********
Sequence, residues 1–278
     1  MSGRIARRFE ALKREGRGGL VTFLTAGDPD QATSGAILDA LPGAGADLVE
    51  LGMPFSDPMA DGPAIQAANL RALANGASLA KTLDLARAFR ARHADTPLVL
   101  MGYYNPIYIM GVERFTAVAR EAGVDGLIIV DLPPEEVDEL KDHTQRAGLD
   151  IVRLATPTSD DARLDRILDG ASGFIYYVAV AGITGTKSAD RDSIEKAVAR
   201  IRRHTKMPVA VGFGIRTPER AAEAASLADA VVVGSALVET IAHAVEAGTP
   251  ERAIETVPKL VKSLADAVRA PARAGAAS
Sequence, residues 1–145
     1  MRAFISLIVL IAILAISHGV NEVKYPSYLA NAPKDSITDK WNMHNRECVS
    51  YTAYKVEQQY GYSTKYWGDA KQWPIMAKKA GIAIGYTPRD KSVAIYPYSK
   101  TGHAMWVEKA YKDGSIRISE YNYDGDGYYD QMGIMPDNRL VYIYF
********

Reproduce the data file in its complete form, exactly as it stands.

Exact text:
Sequence, residues 1–278
     1  MSGRIARRFE ALKREGRGGL VTFLTAGDPD QATSGAILDA LPGAGADLVE
    51  LGMPFSDPMA DGPAIQAANL RALANGASLA KTLDLARAFR ARHADTPLVL
   101  MGYYNPIYIM GVERFTAVAR EAGVDGLIIV DLPPEEVDEL KDHTQRAGLD
   151  IVRLATPTSD DARLDRILDG ASGFIYYVAV AGITGTKSAD RDSIEKAVAR
   201  IRRHTKMPVA VGFGIRTPER AAEAASLADA VVVGSALVET IAHAVEAGTP
   251  ERAIETVPKL VKSLADAVRA PARAGAAS
Sequence, residues 1–145
     1  MRAFISLIVL IAILAISHGV NEVKYPSYLA NAPKDSITDK WNMHNRECVS
    51  YTAYKVEQQY GYSTKYWGDA KQWPIMAKKA GIAIGYTPRD KSVAIYPYSK
   101  TGHAMWVEKA YKDGSIRISE YNYDGDGYYD QMGIMPDNRL VYIYF